As a new prisoner you are entitled to a visit as soon as you are sent to prison. In most prisons it is the job of the visitor to arrange this, and all prison have designated phone numbers through which this initial visit is set up. Prison set their own visiting times, and will usually be 2 or 3 weekday afternoons and Saturday and Sunday afternoons, look at the pages on your establishment to see when they are.

After this initial visit you will be entitled to 2 per month (called VOs), which rises by an additional 2 if you have enhanced status. (called PVOs). If you do not use all the visits in the month the VOs are carried over to the next month but the PVOs are lost. Some prisons give extra visits, refer to the individual prison pages for details

Visits are for a set time, usually 1 hour, but increase in length as you move up from Standard to Enhanced status. The visits take place in the visits hall of the prison, some of these halls are well decorated with provision of children’s play area, visitors café etc, and other are far more austere and unwelcoming. Your visitor, after booking the visit, will be given a time to attend the prison. It is worth getting to the prison in good time as it can be a lengthy process for a visitor to be processed through the system. You, as the prisoner, will be given a small paper slip which will usually be posted under your cell door, telling you when the visit is.

At the correct time you will be escorted, along with any other prisoners who have visits to the visitor’s area. ere you will be searched and then placed in a holding area unto summoned into the actual visit hall. It is likely that you will be given a brightly colour bib to wear as identification. When in the hall you will be given a chair/space number where you are expected to sit during the period of the visit. Your visitor will then be let into the hall and will join you on the other side of the table. You can give them a welcoming kiss but if there is too much physical contact the visit will be ended immediately and there could be restrictions on future visits. The visitor can buy you tea/coffee for the catering stand within reception but you can’t leave your seat and go with them to the counter.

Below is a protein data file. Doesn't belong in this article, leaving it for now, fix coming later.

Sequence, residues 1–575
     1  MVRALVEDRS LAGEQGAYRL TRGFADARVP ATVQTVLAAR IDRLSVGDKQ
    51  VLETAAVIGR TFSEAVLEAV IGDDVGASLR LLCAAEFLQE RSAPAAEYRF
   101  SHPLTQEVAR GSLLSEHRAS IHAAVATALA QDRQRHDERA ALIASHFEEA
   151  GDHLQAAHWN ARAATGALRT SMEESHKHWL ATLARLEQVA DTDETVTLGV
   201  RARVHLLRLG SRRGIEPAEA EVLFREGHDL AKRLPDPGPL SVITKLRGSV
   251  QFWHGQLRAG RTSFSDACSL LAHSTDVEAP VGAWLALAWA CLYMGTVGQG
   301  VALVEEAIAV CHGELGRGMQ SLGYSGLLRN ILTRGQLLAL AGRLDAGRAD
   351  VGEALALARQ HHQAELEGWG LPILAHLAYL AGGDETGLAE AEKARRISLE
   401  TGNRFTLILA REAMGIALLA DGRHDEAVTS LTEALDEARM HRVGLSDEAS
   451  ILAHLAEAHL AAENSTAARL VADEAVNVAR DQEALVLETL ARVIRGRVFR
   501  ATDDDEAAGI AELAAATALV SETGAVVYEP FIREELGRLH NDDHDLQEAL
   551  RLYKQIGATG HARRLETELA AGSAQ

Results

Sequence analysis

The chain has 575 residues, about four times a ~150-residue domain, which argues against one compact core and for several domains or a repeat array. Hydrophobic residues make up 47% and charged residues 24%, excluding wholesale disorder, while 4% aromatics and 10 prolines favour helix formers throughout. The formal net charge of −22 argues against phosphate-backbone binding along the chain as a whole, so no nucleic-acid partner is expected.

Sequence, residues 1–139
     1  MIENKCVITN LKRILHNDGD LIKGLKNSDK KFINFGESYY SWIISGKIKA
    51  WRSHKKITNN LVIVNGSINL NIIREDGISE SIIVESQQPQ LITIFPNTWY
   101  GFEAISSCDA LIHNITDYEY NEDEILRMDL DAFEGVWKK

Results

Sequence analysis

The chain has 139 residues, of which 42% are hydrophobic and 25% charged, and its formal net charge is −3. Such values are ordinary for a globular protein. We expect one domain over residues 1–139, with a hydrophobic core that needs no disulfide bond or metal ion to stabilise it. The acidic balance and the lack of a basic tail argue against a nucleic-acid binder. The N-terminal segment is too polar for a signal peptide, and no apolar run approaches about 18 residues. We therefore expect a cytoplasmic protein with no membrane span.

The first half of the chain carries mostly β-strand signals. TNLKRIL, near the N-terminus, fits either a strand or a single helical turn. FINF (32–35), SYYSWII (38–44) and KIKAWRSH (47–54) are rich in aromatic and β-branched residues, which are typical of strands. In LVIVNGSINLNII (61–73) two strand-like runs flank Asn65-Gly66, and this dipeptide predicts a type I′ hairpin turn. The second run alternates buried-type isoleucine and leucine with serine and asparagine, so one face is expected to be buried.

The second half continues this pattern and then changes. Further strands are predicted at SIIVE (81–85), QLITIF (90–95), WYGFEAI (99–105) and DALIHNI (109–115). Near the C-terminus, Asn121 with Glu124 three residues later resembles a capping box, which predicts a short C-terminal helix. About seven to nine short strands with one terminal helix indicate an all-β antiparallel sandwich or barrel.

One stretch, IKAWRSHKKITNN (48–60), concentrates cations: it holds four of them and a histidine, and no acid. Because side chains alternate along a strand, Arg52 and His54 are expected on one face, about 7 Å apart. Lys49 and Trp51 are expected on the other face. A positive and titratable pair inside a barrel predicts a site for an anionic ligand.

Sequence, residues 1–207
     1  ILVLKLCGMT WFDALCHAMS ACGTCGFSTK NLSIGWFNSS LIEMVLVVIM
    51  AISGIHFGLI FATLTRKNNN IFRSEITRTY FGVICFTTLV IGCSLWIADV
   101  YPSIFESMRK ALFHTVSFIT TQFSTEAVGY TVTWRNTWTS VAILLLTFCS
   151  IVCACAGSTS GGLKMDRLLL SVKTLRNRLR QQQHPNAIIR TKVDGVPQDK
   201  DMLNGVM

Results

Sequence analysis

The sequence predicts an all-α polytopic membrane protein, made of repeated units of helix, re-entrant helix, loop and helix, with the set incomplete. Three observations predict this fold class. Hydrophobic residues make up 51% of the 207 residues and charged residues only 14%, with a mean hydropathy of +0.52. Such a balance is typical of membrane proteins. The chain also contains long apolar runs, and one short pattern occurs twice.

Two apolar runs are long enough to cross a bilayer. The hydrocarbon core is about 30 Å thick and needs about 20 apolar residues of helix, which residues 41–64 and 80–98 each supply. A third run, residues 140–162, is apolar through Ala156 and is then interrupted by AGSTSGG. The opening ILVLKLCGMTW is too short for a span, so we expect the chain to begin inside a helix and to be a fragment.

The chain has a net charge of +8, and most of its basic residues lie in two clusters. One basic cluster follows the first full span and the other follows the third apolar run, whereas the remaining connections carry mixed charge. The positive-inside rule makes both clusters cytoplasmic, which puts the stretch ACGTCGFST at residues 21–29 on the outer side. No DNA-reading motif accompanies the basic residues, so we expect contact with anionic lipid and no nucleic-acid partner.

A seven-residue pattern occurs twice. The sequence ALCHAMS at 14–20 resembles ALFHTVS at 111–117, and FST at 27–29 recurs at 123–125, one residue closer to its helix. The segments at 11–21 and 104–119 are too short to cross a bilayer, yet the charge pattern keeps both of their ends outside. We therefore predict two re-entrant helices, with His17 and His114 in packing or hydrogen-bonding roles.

All during the visit you will be watched by a number of prison officers. This is not intrusive, and they can’t overhear your conversation, but they are watching for suspicions behaviour or signs of undue tension. If the officers are unhappy about your, or your visitors behaviour they can end the visit at any time.

At the end of the visit your visitor will leave and you will then be subjected to another search, which could be a full strip search or may just be an airport style pat down, and you will be escorted back to you wing.

Your visitor’s are also subjected to searches both coming and going out of the visits hall. Many prison’s have drug dogs and these may be used and depending upon the circumstances your visitor may be given a full search. In any event the visitor will have to be able to prove their identity before the visit (passport, driving licence etc), and they are not allowed to take electronic equipment or mobile phones into the prison. They can bring in clothes and other items for you to be handed to you, but these rules differ from prison to prison.

Visits for your legal team are handled slightly differently. You will be informed of the visits in the same way but they are actually held in smaller private rooms. You are not subjected to the same level of scrutiny as when in family visits but you are monitored. There is no practical limit on the number of legal visits you have.

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